Will More Countries Regulate Cryptocurrency Trading in 2018?
For governments across the globe, discussions about cryptocurrencies have taken center stage as blockchain technology continues to revolutionize the way products and services are traded. Though most countries allow cryptocurrency use, they’re somewhat skeptical of them. In fact, some countries, like Bolivia and Ecuador, have banned cryptocurrencies, declaring them illegal. National governments and central banks in most countries are reluctant to allow the use of cryptocurrencies in legal transactions. They fear doing so could result in a global shift to decentralize economies and cause loss of economic power. According to Sergey Grybniak, the Founder of Opporty.com, governments have serious reservations when it comes to technologies that allow people to transact anonymously. He says, “Anonymous transactions are the biggest problem of cryptocurrencies from the government perspective. It is understandable because of existence of black crypto markets and possible usage of cryptocurrencies by terrorists and possible enemies." Most players in the cryptocurrency market feel that various countries across the globe will be seeking to regulate cryptocurrencies in some way as 2018 progresses. South Korea has already started by announcing new rules that disallow anonymous accounts as of January 20, 2018. Moreover, they’re becoming more strict on matters such as money laundering, tax evasion, and fraud. Earlier in 2017, China moved to close several trading exchanges, while the UK and US have already indicated intentions to regulate the crypto market. "I think this is the way that most countries in the world will follow. In future, these regulations will definitely help the crypto market by eliminating huge amount of fraud." says Andrey Tuchkov, the CEO of SOFIN.IO. The regulation of cryptocurrency trading is largely seen as a step in the right direction because it will validate and legitimize the cryptocurrency space and protect investors from fraudsters. "All governments will follow this direction in some way. I believe regulations are not bad for legit businesses. Of course it will add additional verification and other similar procedures but in general I do not see the problem in such innovations,” adds Grybniak. Once governments put in place regulatory measures for the cryptocurrency market, crypto exchanges will be subjected to audits, and those that fail to pass the legal test are likely to go down. This move is likely to correct the market in terms of trading rates for different virtual currencies. Disclaimer: David Drake is on the advisory board for most of the firms mentioned or quoted in this article.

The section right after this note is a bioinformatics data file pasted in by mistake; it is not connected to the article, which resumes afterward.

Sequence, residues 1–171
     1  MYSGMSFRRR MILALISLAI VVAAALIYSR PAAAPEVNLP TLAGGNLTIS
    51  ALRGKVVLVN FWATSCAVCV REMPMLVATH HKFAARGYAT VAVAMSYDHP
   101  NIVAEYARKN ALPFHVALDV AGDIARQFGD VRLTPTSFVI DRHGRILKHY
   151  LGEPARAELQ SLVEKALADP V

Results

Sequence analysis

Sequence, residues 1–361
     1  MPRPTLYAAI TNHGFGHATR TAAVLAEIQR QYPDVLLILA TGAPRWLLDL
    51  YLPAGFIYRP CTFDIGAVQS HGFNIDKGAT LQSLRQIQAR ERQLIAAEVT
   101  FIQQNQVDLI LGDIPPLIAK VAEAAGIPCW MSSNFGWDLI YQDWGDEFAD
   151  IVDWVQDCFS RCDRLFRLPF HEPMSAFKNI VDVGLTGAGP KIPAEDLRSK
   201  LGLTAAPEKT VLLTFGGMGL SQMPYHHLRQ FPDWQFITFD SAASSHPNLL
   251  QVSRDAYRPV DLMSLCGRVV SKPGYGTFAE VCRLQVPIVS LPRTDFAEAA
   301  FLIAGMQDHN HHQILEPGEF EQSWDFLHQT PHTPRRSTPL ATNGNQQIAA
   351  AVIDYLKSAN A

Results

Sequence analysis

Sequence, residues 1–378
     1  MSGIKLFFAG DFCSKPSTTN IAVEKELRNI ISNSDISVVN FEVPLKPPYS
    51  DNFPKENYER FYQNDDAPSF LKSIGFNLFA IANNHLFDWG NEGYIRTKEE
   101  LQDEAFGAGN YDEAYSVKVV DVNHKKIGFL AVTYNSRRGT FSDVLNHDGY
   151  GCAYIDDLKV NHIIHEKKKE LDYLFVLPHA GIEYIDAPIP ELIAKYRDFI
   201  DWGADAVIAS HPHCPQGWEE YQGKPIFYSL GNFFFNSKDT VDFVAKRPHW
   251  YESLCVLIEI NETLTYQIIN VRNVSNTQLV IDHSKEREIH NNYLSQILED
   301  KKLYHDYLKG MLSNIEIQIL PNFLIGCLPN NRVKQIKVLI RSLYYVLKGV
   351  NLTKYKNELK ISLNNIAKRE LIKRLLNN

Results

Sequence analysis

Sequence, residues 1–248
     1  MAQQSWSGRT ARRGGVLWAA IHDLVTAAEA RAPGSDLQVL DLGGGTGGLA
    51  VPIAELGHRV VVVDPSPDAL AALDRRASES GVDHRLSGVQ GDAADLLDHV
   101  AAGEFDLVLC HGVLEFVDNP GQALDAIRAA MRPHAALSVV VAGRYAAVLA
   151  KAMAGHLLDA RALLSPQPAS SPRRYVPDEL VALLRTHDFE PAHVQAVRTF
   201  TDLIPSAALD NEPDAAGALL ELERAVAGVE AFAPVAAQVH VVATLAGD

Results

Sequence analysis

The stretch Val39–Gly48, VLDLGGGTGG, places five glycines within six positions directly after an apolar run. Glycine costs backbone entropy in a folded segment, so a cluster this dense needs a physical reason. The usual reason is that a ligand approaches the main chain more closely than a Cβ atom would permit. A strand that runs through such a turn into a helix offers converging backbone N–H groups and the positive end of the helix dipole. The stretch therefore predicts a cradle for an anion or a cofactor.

June 8, 2018 Article
Are Companies Ready for a Decentralized Future?
Survey results presented by Deloitte during the recent Consensus event show that corporations are changing momentum and opting to explore the possibility of blockchain to build practical business applications. According to the survey, 74% of large firms see a compelling business case for this dynamic technology.
The survey was conducted between March and April of this year in seven countries including France, Canada, China and the US. More than 1,000 executives drawn from industries such as healthcare, technology, media and finance participated in the survey.
Almost half of them expressed interest in this “trustless ecosystem” and mentioned their firms already have a blockchain system in place while 41% aim their technology to be operational next year.
According to Juan Imaz, CEO and founder of Profede, application of blockchain technology has already started in some industries.
He says, “Throughout various industries from healthcare to finance, blockchain’s breakthrough technology is already being implemented and investigated to improve and enhance the way institutions and organisations function. From Fortune 500 companies to startups, blockchain is making its way.”